2026 Idea Machine: Entries are in!


big idea

The National Science Foundation (NSF) received more than 800 idea submissions for the NSF 2026 Idea Machine competition. Entries were judged and 33 are still in the running for the grand prize. Now, we need YOU to help NSF determine which entries will advance to the next stage by watching entrants’ video pitches and commenting on the importance and potential impact of their Big Ideas, as well as providing suggestions on how their ideas can be improved.

Watch the video pitches and review entries from 05/31/2019 – 06/26/2019 at nsf2026imgallery.skild.com.

2019 Summer Meeting Schedule


DEB representatives will be attending the Evolution conference in Providence June 21-25 and the Ecological Society of America (ESA) conference in Louisville August 11-16. We will also be sending representatives to the Joint Meeting of Ichthyologists and Herpetologists (JMIH) July 24-28 and to the Ecology and Evolution of Infectious Diseases (EEID) meeting June 10-13 as well as several other meetings throughout the summer.

Come and stop by the NSF exhibitor booth at both Evolution and ESA to chat with staff and Program Officers. We’re ready to talk about the latest NSF news and funding opportunities. Be sure to scoop up your Famous Biologist Trading Cards before they’re all gone and remember to visit our colleagues at the NEON booth.

Q&A Sessions

  • We’ll also be hosting a session at ESA on Tuesday, August 13 from 11:30-1:15 entitled, “Conversations with NSF: Research and Training Opportunities.”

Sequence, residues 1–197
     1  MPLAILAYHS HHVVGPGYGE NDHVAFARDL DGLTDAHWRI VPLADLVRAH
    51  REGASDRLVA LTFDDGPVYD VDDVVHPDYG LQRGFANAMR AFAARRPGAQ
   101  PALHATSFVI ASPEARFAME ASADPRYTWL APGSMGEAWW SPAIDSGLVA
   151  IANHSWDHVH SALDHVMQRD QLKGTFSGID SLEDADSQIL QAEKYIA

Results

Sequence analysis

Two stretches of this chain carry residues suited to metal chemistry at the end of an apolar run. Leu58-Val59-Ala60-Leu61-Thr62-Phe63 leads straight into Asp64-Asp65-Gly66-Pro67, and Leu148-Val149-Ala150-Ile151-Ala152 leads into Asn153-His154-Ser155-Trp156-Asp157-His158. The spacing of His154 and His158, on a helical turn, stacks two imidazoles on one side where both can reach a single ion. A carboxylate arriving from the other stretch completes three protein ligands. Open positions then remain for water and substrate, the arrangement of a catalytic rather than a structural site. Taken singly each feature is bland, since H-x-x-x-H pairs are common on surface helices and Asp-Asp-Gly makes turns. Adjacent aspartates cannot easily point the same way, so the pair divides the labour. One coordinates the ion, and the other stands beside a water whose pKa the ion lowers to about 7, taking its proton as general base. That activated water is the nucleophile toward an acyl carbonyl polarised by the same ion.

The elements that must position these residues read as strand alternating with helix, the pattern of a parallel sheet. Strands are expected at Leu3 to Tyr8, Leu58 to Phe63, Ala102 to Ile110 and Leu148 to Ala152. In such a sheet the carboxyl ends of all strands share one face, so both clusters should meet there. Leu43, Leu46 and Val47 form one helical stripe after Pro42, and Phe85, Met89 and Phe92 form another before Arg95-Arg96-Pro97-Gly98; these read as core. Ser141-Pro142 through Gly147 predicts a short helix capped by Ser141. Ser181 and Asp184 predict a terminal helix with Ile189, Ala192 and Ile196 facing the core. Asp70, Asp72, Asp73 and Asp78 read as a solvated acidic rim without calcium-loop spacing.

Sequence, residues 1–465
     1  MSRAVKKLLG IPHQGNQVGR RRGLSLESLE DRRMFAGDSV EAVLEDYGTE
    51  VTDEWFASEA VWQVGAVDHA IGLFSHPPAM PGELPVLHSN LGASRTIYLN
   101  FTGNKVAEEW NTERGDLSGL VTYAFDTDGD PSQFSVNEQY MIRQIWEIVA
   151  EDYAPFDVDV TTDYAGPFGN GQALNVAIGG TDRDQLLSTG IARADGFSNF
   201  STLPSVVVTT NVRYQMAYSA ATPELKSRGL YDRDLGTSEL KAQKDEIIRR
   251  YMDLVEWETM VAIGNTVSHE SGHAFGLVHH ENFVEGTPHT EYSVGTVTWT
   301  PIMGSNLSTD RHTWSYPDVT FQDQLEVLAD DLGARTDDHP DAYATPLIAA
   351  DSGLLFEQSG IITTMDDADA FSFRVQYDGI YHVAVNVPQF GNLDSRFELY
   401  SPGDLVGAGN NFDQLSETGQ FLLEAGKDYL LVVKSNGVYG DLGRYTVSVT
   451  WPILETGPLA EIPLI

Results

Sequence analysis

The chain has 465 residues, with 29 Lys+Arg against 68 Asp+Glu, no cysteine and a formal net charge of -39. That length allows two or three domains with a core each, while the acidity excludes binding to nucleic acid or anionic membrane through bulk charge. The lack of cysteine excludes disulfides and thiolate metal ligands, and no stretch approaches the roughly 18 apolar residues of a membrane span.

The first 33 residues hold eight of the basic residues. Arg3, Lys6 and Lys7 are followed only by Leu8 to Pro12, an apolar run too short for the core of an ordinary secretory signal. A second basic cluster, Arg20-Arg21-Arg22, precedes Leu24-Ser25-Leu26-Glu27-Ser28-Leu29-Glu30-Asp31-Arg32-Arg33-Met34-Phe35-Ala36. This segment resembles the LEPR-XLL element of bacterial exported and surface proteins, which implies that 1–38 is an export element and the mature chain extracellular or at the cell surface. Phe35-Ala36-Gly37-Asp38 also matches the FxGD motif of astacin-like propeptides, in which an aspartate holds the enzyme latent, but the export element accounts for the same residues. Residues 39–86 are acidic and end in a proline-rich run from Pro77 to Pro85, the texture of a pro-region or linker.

• The Evolution session will be Sunday, June 23 from 1:15-2:15 in room 554.
  • The JMIH session will be July 26 from 12:05-12:35.

We hope to see you there!

The table below shows which Program Officers and Senior Managers will be attending meetings.

Program Officers and Senior Managers          

Cluster

Digital Data in Biodiversity Research, New Haven, CT

June 10-12

Andrea Weeks SBS

EEID, Princeton University, Princeton, NJ

June 10-13

Katharina Dittmar SBS
Sam Scheiner EP

Evolution, Providence, RI

June 21-25

David Cannatella SBS
George Gilchrist EP
Stephanie Hampton Division Director
Simon Malcomber SBS
Paco Moore EP
Leslie Rissler Acting Deputy Division Director
Sam Scheiner EP
Chris Schneider SBS

Microbial Population Biology Gordon Conference, Andover, NH

July 7-12

Susi Remold EP

Animal Behavior Society, Chicago, IL

July 22-27

Colette St. Mary EP

Joint Meeting of Ichthyologists and Herpetologists, Snowbird, UT

July 24-28

David Cannatella SBS
Leslie Rissler Acting Deputy Division Director
Chris Schneider SBS

Botany 2019, Tucson, AZ

July 27-31

Andrea Weeks SBS

ESA, Louisville, KY

August 11-16

Elizabeth Blood ES
Lynn Christenson ES
Dan Gruner PCE
Stephanie Hampton Division Director
Matt Kane ES
Doug Levey PCE
Kendra McLauchlan ES
Betsy von Holle PCE

 

CAREER Deadline and Guidance


The BIO CAREER deadline is July 17, 2019.

For those of you preparing to submit your CAREER proposal, there are two important things that should not be left until the last minute:

  1. Including a Departmental Letter of Support.
  2. Clearly demonstrating the integration of your research and education activities.

Departmental Letter of Support

This is a key requirement for any CAREER proposal that needs to be uploaded into supplemental documents.

From the solicitation (17-537),